The hatter and the hare

Apologies to the Reverend Richard Burden, who used this text in his sermon last Sunday.

“Cheshire Puss,’ Alice began, rather timidly…”

“Would you tell me, please, which way I ought to go from here?’

‘That depends a good deal on where you want to get to,’ said the Cat.

‘I don’t much care where—’ said Alice.

‘Then it doesn’t matter which way you go,’ said the Cat.

‘—so long as I get SOMEWHERE,’ Alice added as an explanation.

‘Oh, you’re sure to do that,’ said the Cat, ‘if you only walk long enough.’

Alice felt that this could not be denied, so she tried another question. ‘What sort of people live about here?’

‘In THAT direction,’ the Cat said, waving its right paw round, ‘lives a Hatter: and in THAT direction,’ waving the other paw, ‘lives a March Hare. Visit either you like: they’re both mad.’

‘But I don’t want to go among mad people,’ Alice remarked.

‘Oh, you can’t help that,’ said the Cat: ‘we’re all mad here.”

“‘we’re all mad here.,” said the Cat. “I’m mad. You’re mad.’

‘How do you know I’m mad?’ said Alice.

‘You must be,’ said the Cat, ‘or you wouldn’t have come here.”

We have heard much talk, much of it gravely misguided in my opinion, about how the election of Donald Trump means that America wants “change”. The above satire marvelously and humorously parodies this error.

Here is another insight from the sermon:

So where do we go from here?

“‘That depends a good deal on where you want to get to,’ said the Cat.

‘I don’t much care where—’ said Alice.

‘Then it doesn’t matter which way you go,’ said the Cat.”

Or as St. George Harrison said, “if you don’t know where you’re going, any road will take you there.”

Some of us do, in fact, know where we’re going. The premise that we should somehow sympathize or reinforce those who voted for Mr. Trump because any change is preferable is, in my view, profoundly mistaken. The point of this satire is NOT that both the hatter and the hare are mad. The point of the exercise is the insanity of allowing ourselves to embrace the lunacy of Wonderland.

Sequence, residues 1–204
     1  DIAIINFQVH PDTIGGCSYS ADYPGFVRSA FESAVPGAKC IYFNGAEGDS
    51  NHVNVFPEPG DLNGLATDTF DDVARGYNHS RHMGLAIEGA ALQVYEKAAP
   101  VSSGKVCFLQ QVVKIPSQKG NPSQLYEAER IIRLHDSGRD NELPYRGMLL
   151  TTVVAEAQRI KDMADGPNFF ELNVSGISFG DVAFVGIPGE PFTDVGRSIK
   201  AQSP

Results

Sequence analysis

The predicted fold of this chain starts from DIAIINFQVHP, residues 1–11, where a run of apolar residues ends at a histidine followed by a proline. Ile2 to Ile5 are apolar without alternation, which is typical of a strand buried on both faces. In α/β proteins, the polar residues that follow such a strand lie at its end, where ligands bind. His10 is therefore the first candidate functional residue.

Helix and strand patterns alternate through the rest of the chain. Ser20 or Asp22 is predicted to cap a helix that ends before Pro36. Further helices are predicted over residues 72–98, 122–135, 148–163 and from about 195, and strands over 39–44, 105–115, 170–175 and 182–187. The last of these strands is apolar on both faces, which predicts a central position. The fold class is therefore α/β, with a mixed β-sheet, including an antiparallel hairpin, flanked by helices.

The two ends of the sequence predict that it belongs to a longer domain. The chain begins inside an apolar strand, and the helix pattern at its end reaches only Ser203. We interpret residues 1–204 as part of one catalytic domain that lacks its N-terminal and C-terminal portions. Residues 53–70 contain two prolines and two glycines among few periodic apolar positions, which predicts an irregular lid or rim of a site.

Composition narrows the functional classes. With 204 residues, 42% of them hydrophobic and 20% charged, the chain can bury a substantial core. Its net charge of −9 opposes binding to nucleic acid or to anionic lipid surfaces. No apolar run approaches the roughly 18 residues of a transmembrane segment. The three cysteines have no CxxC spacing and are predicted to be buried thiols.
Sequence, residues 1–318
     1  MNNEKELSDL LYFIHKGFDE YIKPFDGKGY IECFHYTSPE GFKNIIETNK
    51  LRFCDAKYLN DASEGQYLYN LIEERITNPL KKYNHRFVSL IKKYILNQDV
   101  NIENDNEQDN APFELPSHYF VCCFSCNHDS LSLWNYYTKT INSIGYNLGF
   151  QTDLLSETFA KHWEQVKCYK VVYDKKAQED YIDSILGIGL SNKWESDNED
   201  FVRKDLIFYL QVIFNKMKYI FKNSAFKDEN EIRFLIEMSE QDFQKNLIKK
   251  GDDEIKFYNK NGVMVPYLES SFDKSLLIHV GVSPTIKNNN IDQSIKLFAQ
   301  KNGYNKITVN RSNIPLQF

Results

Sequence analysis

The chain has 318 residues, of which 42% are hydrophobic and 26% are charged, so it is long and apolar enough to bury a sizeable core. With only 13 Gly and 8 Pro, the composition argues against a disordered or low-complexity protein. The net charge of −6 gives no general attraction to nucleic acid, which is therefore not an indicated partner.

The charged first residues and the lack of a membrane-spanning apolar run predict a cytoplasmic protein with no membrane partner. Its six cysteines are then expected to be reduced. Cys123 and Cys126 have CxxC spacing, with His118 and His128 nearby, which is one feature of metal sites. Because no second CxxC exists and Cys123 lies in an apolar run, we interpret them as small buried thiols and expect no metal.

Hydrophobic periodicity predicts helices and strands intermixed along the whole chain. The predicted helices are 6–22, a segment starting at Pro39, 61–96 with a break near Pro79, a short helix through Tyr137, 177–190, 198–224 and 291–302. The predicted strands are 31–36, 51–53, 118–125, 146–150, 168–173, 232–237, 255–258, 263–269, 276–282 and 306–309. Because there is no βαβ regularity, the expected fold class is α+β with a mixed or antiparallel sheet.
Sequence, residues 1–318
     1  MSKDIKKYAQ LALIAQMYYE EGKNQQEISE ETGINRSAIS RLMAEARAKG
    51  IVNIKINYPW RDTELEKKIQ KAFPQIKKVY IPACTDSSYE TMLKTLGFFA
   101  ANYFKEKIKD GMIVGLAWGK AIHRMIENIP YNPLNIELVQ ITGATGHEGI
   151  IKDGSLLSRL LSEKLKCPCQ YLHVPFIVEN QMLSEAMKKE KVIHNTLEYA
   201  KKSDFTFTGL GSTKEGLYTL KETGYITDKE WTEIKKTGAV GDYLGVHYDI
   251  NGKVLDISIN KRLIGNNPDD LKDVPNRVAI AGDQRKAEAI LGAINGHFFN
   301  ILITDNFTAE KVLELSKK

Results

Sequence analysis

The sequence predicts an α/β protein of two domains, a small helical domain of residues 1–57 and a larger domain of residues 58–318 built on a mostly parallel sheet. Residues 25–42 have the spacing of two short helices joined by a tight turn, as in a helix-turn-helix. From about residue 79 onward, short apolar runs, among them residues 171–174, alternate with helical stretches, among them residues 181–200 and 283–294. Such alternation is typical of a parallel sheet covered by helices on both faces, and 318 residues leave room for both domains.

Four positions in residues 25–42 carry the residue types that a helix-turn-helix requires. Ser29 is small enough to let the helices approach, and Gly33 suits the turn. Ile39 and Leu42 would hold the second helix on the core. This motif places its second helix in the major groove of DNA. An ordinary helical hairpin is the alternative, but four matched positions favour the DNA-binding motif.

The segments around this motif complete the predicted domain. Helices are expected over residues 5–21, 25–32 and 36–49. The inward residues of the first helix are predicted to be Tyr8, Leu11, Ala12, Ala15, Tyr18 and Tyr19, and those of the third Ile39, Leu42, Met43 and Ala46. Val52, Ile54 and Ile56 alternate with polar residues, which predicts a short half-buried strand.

We do NOT live in Alice’s Wonderland. There is a profound difference between our two parties, and those who deny that difference are in my view doing all of us a terrible disservice.

Recommended by christopher, petr, fredrichlariccia.


3 Comments . Leave a comment below.
  1. Who are these enablers and deniers? What do you hope to accomplish for he future?

    Asking for the party to return to its roots as a populist party agitating for broad based economic opportunity is a pragmatic response to an electorate unconvinced that’s where our party was. It’s a challenge and an opportunity who have no choice but to seize.

    No one was sadder, more scared or feeling more alone on election night than my wife. Many of her friends told her to her face “we know you’re one of the good ones”, my sister in law was getting trolled on her student paper to “be deported already”. My black friends and relatives are scared and outraged. So are my Latino, Muslim and LGBT friends-including one of my longest friends who courageously came out as Q thinking about T in response to the election and has my full support.

    Frankly it’s mostly white men and political junkies on this site, we aren’t the ones who need to comfort each other about solidarity against racism and the other isms and phobias. I’ve done plenty of that over the phone, in person, and all over social media. I have confronted the Trump voters in my own life to let them know their vote makes me uncomfortable and concerned.

    Listening to their point of view has helped me already become a better organizer and fighter for progressive causes. It will make me a better teacher and a better friend. Jesse Jackson campaigned for jobs in rural America besides people that literally threw stones at him in Selma. They came around to his economic message even if they may not have been fully cured of their racism. This work is hard and empathy is at the core of the work.

    I refuse to slice and dice the country. Trump has done that and hurt America for political gain. Clinton did that and ignored some constituencies feeling let down by her candidacy. Including communities of color that felt she wasn’t a sufficiently bold enough advocate for their needs.

    Politics isn’t a blood sport-it’s how we choose to form community in a civil society. Ten months of full time campaign work across the political spectrum, across the state and across racial and class lines have taught me that everyone wants the same things. Good schools, good jobs, better prospects for their families and security from the uncertainties of life from health scares to terrorism. And government is still the best and most effective means of meeting those needs. My belief in that will never waver. But America has to be resold on that message in these uncertain times.

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Fri 28 Apr 3:58 PM